The best idea I had for my first book came while I was raking leaves the backyard with my dog and realized that my main character also needed a dog. And then, to the soothing sounds of my rake scratching through the grass while I gathered cottonwood leaves into piles, I worked through the all the ways my character could and couldn’t acquire her new best friend. When I sat down to write, I knew exactly what she would do.
Back then, I had lots of time to think things through. Social media wasn’t a big deal yet. Streaming video wasn’t a thing. My phone only made phone calls. There was much blank headspace to be had. Even when I had a full calendar, I still got stuck in line at the post office, and we did not yet have the technology to tweet about it. My writing time felt like downloading. I’d write eight pages for writing group in a few hours on a Sunday night, because I’d spent all week thinking about it.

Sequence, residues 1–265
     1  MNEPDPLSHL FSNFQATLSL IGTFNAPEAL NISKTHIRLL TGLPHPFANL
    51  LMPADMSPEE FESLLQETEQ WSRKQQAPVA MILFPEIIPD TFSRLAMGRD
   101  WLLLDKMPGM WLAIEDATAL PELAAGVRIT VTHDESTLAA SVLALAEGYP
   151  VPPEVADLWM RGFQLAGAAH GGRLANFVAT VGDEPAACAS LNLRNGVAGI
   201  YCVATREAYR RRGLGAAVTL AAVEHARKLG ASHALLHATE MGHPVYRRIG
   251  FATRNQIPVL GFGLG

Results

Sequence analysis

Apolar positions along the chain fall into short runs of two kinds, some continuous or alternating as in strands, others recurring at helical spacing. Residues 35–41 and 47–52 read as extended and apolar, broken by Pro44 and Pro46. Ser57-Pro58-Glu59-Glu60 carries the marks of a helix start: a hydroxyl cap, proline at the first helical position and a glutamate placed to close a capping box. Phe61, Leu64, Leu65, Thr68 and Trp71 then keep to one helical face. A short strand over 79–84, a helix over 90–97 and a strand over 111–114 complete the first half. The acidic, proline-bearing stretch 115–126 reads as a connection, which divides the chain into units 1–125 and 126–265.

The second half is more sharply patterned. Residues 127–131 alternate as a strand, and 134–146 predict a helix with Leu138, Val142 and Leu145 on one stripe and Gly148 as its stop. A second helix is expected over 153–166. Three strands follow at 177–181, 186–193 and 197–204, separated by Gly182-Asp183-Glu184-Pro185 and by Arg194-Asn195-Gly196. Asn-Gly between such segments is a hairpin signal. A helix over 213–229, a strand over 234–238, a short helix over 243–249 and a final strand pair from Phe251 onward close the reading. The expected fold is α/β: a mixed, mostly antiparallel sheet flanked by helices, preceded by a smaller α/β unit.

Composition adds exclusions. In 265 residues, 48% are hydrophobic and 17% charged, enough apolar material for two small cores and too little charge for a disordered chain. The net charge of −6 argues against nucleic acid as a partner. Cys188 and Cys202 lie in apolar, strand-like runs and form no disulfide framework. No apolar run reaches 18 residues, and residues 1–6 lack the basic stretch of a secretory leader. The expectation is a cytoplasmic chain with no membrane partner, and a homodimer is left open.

But the internet took over. It got too easy to fill downtime. Not just in hedonistic ways. I do most of my research via audiobook when I’m walking or cleaning, and I’m grateful to be able to learn while I’m in motion. But my free thought time has become jam-packed with structured thought. With other people’s thoughts. While I was vaguely aware of this, and somewhat troubled by it in a distant, nagging way, I didn’t realize how much of a problem all the noise was until I started sewing. [Read more…]